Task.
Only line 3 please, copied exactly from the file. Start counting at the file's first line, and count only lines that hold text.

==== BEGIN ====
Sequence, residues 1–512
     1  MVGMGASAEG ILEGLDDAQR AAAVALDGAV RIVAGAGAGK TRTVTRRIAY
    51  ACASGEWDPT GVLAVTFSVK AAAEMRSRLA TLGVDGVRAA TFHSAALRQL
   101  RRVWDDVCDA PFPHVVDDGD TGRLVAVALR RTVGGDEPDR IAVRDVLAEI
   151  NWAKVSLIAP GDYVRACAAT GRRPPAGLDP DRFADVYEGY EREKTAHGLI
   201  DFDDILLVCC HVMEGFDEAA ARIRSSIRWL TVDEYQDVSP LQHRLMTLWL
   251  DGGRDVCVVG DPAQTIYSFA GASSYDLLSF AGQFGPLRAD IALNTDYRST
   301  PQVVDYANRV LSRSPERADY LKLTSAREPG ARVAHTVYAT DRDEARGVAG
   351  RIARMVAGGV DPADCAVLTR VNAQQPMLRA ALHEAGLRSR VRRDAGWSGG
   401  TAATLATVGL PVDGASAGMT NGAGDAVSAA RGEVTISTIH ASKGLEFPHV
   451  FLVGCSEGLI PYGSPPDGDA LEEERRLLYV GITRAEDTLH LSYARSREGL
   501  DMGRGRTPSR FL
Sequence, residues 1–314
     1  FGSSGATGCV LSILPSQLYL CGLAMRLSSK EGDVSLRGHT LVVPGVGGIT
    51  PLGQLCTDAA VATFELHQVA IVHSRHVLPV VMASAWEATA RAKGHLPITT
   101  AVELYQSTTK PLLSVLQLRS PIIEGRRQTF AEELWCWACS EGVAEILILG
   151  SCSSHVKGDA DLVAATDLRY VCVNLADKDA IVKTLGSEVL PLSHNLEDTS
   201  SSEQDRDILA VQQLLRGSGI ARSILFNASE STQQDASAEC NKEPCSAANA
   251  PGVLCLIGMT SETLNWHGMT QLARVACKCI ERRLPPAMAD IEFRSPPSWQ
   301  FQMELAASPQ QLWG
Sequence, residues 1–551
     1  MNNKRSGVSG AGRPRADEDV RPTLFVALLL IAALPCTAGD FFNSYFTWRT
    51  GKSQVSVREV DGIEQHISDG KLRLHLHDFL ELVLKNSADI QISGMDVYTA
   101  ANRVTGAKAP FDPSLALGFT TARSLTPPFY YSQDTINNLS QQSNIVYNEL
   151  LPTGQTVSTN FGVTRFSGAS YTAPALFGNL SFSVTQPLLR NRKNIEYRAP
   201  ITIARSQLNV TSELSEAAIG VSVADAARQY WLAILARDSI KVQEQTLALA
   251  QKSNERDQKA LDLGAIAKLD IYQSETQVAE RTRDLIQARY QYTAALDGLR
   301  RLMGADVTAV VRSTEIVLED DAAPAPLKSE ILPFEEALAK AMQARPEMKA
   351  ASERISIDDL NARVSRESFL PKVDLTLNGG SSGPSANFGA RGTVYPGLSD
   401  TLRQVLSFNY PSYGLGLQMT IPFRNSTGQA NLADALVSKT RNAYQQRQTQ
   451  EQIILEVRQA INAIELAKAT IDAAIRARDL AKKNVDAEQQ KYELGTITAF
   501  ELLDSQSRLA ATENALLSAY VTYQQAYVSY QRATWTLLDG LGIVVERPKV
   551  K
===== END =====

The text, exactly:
    51  ACASGEWDPT GVLAVTFSVK AAAEMRSRLA TLGVDGVRAA TFHSAALRQL